The student news site of Los Altos High School in Los Altos, California

The Talon

The student news site of Los Altos High School in Los Altos, California

The Talon

The student news site of Los Altos High School in Los Altos, California

The Talon

Onion Punch

Colleges raise bar, students struggle to hang on

Six of the nation’s top universities published a new set of undergraduate admissions requirements last week in light of the unprecedented tidal wave of applicants this year.

“To be considered for admission, all applicants must have been enrolled in a minimum of 5 AP classes per year since 7th grade, maintained a 5.4 GPA and scored no lower than 2410 on the SAT,” a press release issued by Harvard University said. “Applicants should be authors of at least two books on the New York Times Best Sellers list, Olympic medalists in one or more of the specified sports and recipients of at least one Nobel Prize.”

A community service requirement asks that freshman applicants coach an underprivileged children’s sports team to national championships or beyond, as well as take a lifelong vow of celibacy and serve Mother Theresa’s Missionaries of Charity in a developing country.

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With the baby boomlet dragging the average Ivy League admission rate down to about 3 in every thousand, these schools are now turning away approximately 99 percent of students who meet these minimum criteria.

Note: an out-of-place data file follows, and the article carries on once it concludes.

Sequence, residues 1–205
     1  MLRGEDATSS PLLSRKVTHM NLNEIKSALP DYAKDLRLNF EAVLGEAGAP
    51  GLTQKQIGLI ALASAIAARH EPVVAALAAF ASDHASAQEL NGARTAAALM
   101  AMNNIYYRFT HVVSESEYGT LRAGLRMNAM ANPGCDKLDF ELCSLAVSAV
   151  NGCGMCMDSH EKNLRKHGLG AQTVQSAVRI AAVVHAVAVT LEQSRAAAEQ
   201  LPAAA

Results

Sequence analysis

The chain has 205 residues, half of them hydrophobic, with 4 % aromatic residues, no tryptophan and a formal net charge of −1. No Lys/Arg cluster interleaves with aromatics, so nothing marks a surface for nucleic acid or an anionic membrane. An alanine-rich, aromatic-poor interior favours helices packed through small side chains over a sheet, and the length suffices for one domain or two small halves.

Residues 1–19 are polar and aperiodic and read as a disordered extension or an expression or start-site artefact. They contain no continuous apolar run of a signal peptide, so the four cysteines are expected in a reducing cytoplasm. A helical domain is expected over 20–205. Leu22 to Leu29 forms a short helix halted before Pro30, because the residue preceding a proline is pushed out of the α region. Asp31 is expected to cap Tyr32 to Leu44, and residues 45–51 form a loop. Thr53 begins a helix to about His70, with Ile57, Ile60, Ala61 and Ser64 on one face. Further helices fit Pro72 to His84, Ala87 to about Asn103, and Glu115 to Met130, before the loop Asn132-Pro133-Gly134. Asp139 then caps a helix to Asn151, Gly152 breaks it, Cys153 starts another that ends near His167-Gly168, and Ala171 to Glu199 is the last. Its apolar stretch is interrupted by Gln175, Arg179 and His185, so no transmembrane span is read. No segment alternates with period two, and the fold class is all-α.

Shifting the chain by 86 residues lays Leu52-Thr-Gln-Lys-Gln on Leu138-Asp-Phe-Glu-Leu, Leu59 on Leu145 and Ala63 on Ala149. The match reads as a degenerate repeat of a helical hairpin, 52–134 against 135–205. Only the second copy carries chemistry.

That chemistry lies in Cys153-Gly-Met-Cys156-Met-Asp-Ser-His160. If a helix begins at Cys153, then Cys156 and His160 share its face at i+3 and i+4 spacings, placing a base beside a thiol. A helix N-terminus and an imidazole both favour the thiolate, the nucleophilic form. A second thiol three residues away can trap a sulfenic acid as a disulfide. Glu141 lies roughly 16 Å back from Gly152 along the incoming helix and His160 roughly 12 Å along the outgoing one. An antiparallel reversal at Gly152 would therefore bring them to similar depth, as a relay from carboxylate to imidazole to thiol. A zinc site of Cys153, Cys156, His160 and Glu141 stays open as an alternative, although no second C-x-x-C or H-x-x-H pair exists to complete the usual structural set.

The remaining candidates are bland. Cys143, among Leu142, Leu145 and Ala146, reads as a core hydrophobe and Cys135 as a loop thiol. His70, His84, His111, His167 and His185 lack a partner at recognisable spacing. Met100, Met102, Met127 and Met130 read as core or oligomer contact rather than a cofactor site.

“It is pretty stressful,” senior Laura Cruz said. “I nearly got a B+ in AP Biophysics Honors last year, which would have disqualified me. My parents could barely afford lawyers to sue the school on top of the 10,000 copies of my book they had to buy!”

This year’s historical peak in the number of students applying to college is putting the pressure on lower-achieving students as well. One such mediocre student is senior A.J. Stewart, who has a GPA of only 4.1 and scored a mere 2300 points on the SAT.

“My parents got me a college admissions consultant for my 11th birthday,” A.J. said. “It’s only been $15,000 a year, so I think it’s worth it. She’s having me apply early decision to all the colleges in the U.S. as well as a few in Canada. I know that’s illegal, but this way we’re hoping I’ll get in somewhere.”

Some students have chosen to forgo college until a less competitive time, opting instead for alternatives like prostitution or begging.

“My decision to skip college came when my revolutionary work in economic theory failed to win even a Qantas Award, let alone a Nobel Prize,” senior Hillary Cardwell said. “With so little going for me, I think my best option at this point is just to take to the streets.”

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